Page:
Mouth: pink, moist mucous membranes. No missing or decayed teeth. Throat: Pink normal oropharynx erythematous, without tonsillar edema or exudate; uvula midline.

Neck: Flexible; denied pain. Thyroid not visible or palpable. No carotid bruits and no jugular vein distention.

Chest/Lungs: Chest wall symmetrical, no use of accessory muscles note, breath sounds are clear, no wheezing, rhonchi, or crackle, no prolonged expiration noted in the upper/lower lung fields. No nipple discharges or abnormal lump noted, no axillary lymphadenopathies.

Cardiovascular: S1 and S2 regular rate and rhythm with no splitting. Carotid with no bruits. No JVD. No thrills. No rubs. Peripheral pulses present in all extremities. Capillary refill less than 3 seconds. No edema.

Abdomen: Skin without lesions, or rashes. Abdomen flat and symmetric with no lumps or bulges. Bowel sounds presents in the 4 quadrants. Percussion reveals tympany over all quadrants. No tenderness no guarding in any quadrant with palpation. No palpable masses or hepatosplenomegaly.

Genitals/Urinary: Penis circumcised without lesions, urethral meatus normal location without discharge, testis and epididymis with normal size without masses, scrotum without lesions. Tanner Stage 2.

Musculoskeletal: Normal passive and active ROM in upper and lower extremities. No focal deficit, no joint inflammation or deformities noted.

Neurologic: Patient alert and oriented in person, time and place, cranial nerves II-XII intact. No focal motor or sensory deficits. Coordination, sensation, and reflexes are intact.


Acute Otitis Media, Left Ear (H65.02): is diagnosed in patients with acute onset, presence of middle ear effusion, physical evidence of middle ear inflammation, and symptoms such as pain, irritability, or fever. Acute Otitis media is usually a complication of Eustachian tube dysfunction that occurs during a viral upper respiratory tract infection. Streptococcus pneumoniae, Haemophilus influenzae, and Moraxella catarrhalis are the most common organisms isolated from middle ear fluid. (Domino, Baldor, Golding & Stephens, 2017) .According to (Burns, 2017) It is essential accurately diagnose Otitis media to reduce overtreatment and antibiotic resistance, and There are different types AOM, Suppurative effusion of the middle ear, other is Bullous myringitis AOM in which bullae form between the inner and middle layers of the TM and bulge outward, persistent when AOM that has not resolved when antibiotic therapy has been completed or AOM recurs within days of treatment and recurrent when Three separate bouts of AOM within a 6-month period or four within a 12-month period; often a positive family history of Otitis media and other ENT disease, to support this diagnosis Left tympanic membrane Erythematous and bulging with diminished light reflex is showed in the ear exam

Differential diagnosis

Diffuse Otitis Externa (OE), commonly called swimmer's ear, is a diffuse inflammation of the external auditory canal (EAC) and can involve the auricle, or both. Inflammation is evidenced as simple infection with edema, discharge, and erythema; furuncles or small abscesses that form in hair follicles; or impetigo or infection of the superficial layers of the epidermis. OE results when the protective barriers in the EAC are damaged by mechanical or chemical mechanisms. OE.The most common causative organisms are Pseudomonas aeruginosa and Staphylococcus aureus (Buttaro, Trybulski, Polgar-Bailey & Sandberg-Cook, 2017). This diagnosis was ruled out based on no complaints of itching and symptoms of the disease.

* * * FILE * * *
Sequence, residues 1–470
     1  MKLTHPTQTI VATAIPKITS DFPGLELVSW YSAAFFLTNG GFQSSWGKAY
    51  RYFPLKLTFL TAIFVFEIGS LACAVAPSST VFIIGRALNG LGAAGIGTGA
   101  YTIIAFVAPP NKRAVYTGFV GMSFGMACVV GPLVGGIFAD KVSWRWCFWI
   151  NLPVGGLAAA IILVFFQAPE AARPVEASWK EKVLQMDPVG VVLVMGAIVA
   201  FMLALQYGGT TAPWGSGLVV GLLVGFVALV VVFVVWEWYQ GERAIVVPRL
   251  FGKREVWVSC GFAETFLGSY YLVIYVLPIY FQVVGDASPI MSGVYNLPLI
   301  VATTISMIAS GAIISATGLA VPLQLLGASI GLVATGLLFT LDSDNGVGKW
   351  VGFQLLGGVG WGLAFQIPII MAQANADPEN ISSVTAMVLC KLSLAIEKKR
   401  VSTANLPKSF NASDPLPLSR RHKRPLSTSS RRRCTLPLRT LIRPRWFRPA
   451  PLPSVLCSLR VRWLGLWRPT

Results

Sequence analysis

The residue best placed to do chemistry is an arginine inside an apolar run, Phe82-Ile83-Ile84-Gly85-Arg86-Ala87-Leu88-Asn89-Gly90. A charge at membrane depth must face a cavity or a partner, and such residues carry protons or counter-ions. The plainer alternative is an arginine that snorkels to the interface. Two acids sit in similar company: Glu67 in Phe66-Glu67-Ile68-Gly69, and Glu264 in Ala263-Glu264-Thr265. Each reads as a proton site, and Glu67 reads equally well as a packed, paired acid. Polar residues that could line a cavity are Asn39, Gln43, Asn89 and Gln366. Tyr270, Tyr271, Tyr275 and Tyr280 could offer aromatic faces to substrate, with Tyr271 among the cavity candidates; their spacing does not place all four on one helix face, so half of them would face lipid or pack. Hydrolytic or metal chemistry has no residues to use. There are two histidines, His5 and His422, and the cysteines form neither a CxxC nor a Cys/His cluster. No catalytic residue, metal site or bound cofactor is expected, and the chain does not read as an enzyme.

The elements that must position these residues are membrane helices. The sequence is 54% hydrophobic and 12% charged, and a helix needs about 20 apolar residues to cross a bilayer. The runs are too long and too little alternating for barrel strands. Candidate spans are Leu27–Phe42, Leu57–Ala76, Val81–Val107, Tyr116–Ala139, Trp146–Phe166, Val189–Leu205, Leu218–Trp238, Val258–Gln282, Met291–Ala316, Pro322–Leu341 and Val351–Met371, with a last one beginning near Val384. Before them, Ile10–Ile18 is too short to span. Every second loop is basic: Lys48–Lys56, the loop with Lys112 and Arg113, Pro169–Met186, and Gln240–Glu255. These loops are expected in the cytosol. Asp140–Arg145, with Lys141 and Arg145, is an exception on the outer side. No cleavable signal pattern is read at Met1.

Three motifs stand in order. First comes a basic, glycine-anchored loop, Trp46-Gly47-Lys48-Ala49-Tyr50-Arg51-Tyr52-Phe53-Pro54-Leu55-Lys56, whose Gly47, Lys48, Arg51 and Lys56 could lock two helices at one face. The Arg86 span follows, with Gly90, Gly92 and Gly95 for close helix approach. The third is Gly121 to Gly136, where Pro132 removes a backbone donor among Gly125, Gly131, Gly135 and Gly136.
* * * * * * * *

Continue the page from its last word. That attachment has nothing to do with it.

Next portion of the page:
Other differential diagnosis to take into consideration: The assessment conducted also rules out mastoiditis, cholesteatoma, otitis externa and otitis media with effusion.

Mastoiditis: It is an inflammatory of the mastoid in the temporal bone. The mastoid is a structure contiguous to the middle ear cleft and an extension of it. The clinical presentation is characterized by symptoms involving the middle ear such as fever, local pain, and conductive hearing loss. Typically, patients with this illness presented with fever, irritability, lethargy, swelling of the ear lobe, Redness and tenderness behind the ear, Drainage from the ear, Bulging and drooping of the ear (Burns et al, 2017). This is also not the case were presented, so it is discarded.

Miryngitis: These patients may have no symptoms attributable to the middle ear.On otoscopy there is erythema and injection of the tympanic membrane in the neutral position without other features of otitis media.


No labs /Diagnostic test ordered

Pharmacological treatment:

Amoxicillin 500 mg 1 tab PO every 12 hours for 10 days (dosage (90mg/kg/day)

Acetaminophen 325 mg 1 cap PO every 4-6 hours PRN for fever or pain (dosage 10-15 mg/kg orally/rectally every 4-6 hours when required, maximum 75 mg/kg/day)

Non-pharmacological measures:

Patient’s mother has been educated on increasing the fluids and to uses less clothing. Popsicles and iced drinks are helpful to recover the body fluids that are lost during fevers because of sweating. Sponging is a method that can be used to reduce the fever along with the Acetaminophen prescribed. Patient’s caregivers were recommended to not sponge the child without giving Acetaminophen first.


-Avoid Q tip use.

-Proper Nutrition/rest

-Proper use of antibiotics is important and misunderstanding of technique can lead to treatment failure. For this reason, placement of drops should be taught in the office. Xylitol, probiotics, herbal ear drops, and homeopathic interventions may be beneficial in reducing pain duration, antibiotic use, and bacterial resistance.

-Even though an ear infection is not transmissible, the causative biological agents (bacteria or virus) are often passed from person to person. It’s very important to take into account the following measures: vaccination against Pneumococcal injection your child with a pneumococcal conjugate vaccine to protect against several types of pneumococcal bacteria. This type of bacteria is the most common cause of ear infections.